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New solar-powered device can pull water straight from the desert air

Posted by   /  April 13, 2017  /  No Comments

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The new water harvester is made of metal organic framework crystals pressed into a thin sheet of copper metal and placed between a solar absorber (above) and a condenser plate (below)./ Wang Laboratory at MIT

By Robert Service | Science

You can’t squeeze blood from a stone, but wringing water from the desert sky is now possible, thanks to a new spongelike device that uses sunlight to suck water vapor from air, even in low humidity. The device can produce nearly 3 liters of water per day, and researchers say future versions will be even better. That means homes in the driest parts of the world could soon have a solar-powered appliance capable of delivering all the water they need, offering relief to billions of people.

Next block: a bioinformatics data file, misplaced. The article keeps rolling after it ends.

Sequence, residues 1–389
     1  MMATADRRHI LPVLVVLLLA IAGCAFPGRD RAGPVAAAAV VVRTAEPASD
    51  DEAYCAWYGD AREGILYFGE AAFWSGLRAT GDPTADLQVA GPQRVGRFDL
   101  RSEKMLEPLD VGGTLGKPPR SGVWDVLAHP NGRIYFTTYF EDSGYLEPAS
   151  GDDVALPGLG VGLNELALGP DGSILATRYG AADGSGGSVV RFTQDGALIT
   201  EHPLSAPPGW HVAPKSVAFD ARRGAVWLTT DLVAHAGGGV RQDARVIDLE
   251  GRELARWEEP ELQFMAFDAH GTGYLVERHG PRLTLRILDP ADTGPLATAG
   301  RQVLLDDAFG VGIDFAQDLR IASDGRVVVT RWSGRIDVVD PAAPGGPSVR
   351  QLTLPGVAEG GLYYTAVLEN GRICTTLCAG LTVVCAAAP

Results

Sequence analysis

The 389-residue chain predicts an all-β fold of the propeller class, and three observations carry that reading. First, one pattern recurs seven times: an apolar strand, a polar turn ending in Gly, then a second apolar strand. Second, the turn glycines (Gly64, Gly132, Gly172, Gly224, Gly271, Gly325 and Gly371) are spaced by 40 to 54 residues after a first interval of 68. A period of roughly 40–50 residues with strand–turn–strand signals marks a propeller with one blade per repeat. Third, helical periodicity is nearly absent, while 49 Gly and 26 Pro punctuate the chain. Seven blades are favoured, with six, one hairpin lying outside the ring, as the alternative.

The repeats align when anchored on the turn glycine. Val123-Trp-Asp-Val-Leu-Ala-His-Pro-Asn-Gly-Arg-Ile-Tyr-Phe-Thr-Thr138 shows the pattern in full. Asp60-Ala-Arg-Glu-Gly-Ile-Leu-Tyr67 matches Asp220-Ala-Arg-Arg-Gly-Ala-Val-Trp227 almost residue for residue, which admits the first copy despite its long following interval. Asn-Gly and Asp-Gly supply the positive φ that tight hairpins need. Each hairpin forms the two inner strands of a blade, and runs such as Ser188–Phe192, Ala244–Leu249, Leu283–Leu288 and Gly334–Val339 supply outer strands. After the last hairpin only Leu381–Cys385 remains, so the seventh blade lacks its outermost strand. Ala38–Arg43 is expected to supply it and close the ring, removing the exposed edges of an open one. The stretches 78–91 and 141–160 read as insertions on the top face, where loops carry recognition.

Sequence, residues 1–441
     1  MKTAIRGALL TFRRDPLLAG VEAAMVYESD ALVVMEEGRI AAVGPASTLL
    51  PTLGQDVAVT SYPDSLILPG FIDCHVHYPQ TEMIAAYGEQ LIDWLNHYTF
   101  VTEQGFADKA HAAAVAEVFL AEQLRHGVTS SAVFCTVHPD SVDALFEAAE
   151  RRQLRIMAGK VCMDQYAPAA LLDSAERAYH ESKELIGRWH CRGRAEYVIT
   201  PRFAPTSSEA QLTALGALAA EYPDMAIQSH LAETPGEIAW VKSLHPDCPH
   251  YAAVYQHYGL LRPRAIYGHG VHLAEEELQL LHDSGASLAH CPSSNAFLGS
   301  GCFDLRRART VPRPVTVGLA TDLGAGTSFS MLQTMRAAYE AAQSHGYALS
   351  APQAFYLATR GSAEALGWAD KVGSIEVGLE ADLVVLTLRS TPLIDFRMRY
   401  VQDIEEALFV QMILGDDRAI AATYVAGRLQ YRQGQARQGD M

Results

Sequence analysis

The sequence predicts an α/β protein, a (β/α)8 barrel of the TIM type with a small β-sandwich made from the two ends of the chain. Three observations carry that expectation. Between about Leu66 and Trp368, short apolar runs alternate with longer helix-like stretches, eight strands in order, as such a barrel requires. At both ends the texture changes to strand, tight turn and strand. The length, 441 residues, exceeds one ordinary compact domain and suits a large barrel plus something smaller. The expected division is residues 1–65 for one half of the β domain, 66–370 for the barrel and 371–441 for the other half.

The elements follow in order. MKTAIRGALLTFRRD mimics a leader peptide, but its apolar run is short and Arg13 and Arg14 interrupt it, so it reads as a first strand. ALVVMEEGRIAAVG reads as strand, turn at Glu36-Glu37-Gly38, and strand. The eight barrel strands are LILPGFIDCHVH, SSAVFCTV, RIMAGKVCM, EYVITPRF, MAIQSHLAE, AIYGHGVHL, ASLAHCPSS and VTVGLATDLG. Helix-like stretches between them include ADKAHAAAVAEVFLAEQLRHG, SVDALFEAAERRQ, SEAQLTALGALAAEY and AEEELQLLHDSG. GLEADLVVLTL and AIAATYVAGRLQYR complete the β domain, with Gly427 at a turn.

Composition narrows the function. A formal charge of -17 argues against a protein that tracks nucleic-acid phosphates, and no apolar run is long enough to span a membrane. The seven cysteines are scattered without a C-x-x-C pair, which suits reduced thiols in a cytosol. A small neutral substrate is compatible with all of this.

There are an estimated 13 trillion liters of water floating in the atmosphere at any one time, equivalent to 10% of all of the freshwater in our planet’s lakes and rivers. Over the years, researchers have developed ways to grab a few trickles, such as using fine nets to wick water from fog banks, or power-hungry dehumidifiers to condense it out of the air. But both approaches require either very humid air or far too much electricity to be broadly useful.

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